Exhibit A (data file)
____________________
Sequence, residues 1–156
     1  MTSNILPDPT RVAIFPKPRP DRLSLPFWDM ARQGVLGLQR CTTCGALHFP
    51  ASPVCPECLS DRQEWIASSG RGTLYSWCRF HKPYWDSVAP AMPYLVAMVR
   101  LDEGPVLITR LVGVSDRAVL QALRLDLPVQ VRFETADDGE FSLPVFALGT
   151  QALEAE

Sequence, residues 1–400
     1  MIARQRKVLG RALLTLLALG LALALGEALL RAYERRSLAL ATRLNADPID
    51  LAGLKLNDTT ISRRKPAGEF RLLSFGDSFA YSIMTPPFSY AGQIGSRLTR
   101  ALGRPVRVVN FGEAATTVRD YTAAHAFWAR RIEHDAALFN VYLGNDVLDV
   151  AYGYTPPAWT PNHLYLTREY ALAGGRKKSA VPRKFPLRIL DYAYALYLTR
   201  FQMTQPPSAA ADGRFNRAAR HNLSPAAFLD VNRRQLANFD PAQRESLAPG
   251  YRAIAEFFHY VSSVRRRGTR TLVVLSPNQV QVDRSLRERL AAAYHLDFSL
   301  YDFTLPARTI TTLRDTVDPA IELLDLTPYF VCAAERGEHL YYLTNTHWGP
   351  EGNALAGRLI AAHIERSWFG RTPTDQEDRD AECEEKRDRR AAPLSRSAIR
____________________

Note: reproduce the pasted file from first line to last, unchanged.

Sequence, residues 1–156
     1  MTSNILPDPT RVAIFPKPRP DRLSLPFWDM ARQGVLGLQR CTTCGALHFP
    51  ASPVCPECLS DRQEWIASSG RGTLYSWCRF HKPYWDSVAP AMPYLVAMVR
   101  LDEGPVLITR LVGVSDRAVL QALRLDLPVQ VRFETADDGE FSLPVFALGT
   151  QALEAE

Sequence, residues 1–400
     1  MIARQRKVLG RALLTLLALG LALALGEALL RAYERRSLAL ATRLNADPID
    51  LAGLKLNDTT ISRRKPAGEF RLLSFGDSFA YSIMTPPFSY AGQIGSRLTR
   101  ALGRPVRVVN FGEAATTVRD YTAAHAFWAR RIEHDAALFN VYLGNDVLDV
   151  AYGYTPPAWT PNHLYLTREY ALAGGRKKSA VPRKFPLRIL DYAYALYLTR
   201  FQMTQPPSAA ADGRFNRAAR HNLSPAAFLD VNRRQLANFD PAQRESLAPG
   251  YRAIAEFFHY VSSVRRRGTR TLVVLSPNQV QVDRSLRERL AAAYHLDFSL
   301  YDFTLPARTI TTLRDTVDPA IELLDLTPYF VCAAERGEHL YYLTNTHWGP
   351  EGNALAGRLI AAHIERSWFG RTPTDQEDRD AECEEKRDRR AAPLSRSAIR